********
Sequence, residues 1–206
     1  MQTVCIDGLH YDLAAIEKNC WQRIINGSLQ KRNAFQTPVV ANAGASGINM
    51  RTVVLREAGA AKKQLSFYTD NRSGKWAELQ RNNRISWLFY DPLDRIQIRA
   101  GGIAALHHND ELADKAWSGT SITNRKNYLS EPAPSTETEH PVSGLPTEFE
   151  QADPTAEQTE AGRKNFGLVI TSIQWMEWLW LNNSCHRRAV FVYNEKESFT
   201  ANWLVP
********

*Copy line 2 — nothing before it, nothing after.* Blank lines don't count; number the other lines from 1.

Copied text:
     1  MQTVCIDGLH YDLAAIEKNC WQRIINGSLQ KRNAFQTPVV ANAGASGINM